Blink Mini app

(Image credit: Future)

The app that you want to use with the Blink Mini is the Blink Home Monitor app for Android or iOS, and of course it's capable of working with as many different Blink cameras as you want to hook up to your home network. Adding a new camera only takes a minute or two, and once that's done then it's easy enough to access the feed from the camera and get at the device's settings.

Like the hardware, the software that comes with the Blink Mini is basic but capable. The app certainly doesn't have the polish of something like the Amazon Alexa or Google Home apps, but it does everything that you need it to. Opening up the live feed and checking in on motion alerts is all very straightforward.

Those two features – getting motion alerts and checking in live – are free. Like most other home security cameras, you'll need to pay to save recordings over an extended period (if you're away on holiday for example). One option is to do this via the Blink cloud storage service, which is free with your camera purchase until March 2021, and then costs £2.50 a month or £25 a year.

The other option is to store recordings on a USB drive, but to do that you need both a USB drive and the £50 Blink Sync Module 2 attachment, which has been promised but which hasn't gone on sale yet. Neither option is particularly appealing or intuitive, though to be fair to the Blink Mini most security cameras are charging for cloud storage these days.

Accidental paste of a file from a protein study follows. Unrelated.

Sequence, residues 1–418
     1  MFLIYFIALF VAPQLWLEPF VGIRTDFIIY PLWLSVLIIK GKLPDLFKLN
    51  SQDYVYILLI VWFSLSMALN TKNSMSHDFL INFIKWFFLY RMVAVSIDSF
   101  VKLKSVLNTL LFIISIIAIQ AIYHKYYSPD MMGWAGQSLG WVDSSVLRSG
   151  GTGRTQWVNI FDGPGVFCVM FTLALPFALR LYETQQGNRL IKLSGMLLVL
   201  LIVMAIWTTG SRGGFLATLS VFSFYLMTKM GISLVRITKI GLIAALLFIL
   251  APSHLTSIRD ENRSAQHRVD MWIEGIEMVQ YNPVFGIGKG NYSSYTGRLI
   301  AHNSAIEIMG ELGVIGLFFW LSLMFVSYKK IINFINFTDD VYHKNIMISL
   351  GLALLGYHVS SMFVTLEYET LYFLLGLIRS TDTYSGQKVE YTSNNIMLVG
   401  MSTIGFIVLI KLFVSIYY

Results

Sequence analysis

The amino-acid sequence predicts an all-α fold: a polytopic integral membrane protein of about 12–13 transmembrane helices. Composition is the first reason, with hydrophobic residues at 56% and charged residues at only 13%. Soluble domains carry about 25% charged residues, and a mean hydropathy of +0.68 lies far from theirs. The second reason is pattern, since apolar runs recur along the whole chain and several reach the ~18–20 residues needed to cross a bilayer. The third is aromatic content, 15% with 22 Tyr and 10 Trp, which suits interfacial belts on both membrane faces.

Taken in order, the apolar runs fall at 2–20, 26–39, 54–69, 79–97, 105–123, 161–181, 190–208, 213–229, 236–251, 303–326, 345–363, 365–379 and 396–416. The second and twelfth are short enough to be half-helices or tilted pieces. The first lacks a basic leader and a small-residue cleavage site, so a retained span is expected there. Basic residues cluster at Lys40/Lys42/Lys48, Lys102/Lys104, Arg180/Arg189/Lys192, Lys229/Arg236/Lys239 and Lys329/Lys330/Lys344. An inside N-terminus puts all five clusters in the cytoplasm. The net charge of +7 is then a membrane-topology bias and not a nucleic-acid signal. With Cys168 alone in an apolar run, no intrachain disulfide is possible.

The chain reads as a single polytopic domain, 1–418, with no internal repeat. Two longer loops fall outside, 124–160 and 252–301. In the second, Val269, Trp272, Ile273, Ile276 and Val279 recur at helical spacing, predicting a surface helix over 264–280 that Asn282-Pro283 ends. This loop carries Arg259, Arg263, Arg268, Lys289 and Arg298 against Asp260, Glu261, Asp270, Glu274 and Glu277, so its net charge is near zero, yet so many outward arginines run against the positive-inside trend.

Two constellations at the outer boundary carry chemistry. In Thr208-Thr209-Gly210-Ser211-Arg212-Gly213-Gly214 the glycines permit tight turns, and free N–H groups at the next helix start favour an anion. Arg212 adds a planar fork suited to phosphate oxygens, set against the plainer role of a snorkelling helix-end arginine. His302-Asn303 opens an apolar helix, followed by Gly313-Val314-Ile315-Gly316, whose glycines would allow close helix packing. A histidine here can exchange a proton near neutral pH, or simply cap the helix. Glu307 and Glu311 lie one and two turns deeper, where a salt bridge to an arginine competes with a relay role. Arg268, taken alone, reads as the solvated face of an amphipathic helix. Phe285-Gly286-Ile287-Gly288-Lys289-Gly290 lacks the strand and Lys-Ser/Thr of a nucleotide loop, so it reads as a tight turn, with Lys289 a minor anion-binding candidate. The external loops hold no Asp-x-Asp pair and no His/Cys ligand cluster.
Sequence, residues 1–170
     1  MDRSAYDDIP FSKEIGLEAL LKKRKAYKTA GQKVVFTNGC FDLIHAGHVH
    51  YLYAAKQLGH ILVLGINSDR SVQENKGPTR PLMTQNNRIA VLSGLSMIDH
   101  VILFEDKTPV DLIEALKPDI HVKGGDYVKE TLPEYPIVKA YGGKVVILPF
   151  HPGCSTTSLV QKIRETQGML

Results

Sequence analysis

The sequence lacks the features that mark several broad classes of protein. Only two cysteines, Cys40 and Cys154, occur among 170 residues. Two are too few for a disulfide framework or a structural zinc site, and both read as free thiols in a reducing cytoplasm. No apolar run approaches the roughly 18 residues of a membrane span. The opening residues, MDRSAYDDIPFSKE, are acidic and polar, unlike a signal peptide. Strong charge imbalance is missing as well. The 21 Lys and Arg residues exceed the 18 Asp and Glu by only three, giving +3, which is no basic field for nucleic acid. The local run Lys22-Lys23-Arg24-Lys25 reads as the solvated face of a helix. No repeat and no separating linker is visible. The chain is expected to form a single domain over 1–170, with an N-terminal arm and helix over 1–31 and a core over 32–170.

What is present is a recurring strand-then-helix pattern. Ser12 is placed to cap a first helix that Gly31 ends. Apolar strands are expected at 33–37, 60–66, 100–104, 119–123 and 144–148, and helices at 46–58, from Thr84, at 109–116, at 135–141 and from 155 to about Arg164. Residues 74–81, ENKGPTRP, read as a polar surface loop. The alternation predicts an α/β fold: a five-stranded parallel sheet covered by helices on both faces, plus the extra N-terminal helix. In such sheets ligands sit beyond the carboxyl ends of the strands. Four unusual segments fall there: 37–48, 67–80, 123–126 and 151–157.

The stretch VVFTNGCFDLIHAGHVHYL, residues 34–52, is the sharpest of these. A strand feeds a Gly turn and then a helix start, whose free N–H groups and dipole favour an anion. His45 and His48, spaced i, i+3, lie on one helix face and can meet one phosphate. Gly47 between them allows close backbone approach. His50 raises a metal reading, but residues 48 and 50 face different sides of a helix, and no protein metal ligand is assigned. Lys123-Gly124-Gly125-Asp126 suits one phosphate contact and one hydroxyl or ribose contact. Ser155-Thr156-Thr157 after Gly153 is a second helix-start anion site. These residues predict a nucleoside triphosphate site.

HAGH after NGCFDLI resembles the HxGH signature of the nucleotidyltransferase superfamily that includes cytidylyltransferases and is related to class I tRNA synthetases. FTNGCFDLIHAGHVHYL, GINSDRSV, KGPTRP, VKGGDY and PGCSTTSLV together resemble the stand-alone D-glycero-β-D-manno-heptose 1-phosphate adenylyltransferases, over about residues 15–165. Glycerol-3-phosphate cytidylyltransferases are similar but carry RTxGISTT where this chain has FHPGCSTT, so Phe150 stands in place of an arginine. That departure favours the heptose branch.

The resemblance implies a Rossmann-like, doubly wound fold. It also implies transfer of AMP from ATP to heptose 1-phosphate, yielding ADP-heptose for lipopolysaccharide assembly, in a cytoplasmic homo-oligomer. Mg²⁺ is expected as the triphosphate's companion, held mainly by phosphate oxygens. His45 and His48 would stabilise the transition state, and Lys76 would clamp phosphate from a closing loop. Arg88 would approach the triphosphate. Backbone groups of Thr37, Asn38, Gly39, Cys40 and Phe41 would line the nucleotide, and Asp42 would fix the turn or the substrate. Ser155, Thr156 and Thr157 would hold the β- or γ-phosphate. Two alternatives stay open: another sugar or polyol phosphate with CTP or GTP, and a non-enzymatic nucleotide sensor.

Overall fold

Blink Mini

(Image credit: Blink)

Every home gadget has to be weighed against its price. Is the Blink Mini up to the quality of the best Arlo, Nest and Ring cameras? Of course not, but then again it does cost a fraction of the price. If you're looking for an affordable way to get some or all of the rooms in our home kitted out with a security solution, this could well be the way to go.

You get all the essential basics with the Blink Mini, including a very capable night vision mode and two way audio, and the camera comes with more settings inside the accompanying app than you've got any right to expect at this price. In our tests the video, audio and motion detection performance was very good.

On the other hand it's not the most polished of home security solutions from either the hardware or the software side – the difference in the build quality, materials and apps of the likes of the Arlo and Nest cameras are obvious. It all depends on how concerned you are about how good your security camera looks, and how much you want to spend.

It's fair to say the Blink Mini has some very tough competition down at the budget end of the market, not least from the Neos SmartCam (UK only), which we like a lot. It offers 14 days of free cloud storage on top of everything else, although you don't get the motion zones functionality that you do with the Blink Mini.

Another option is the TP-Link Kasa Spot KC100, which is similarly specced to the Blink Mini, and comes with two days (or 1GB) of cloud recording for free. It's also an excellent choice.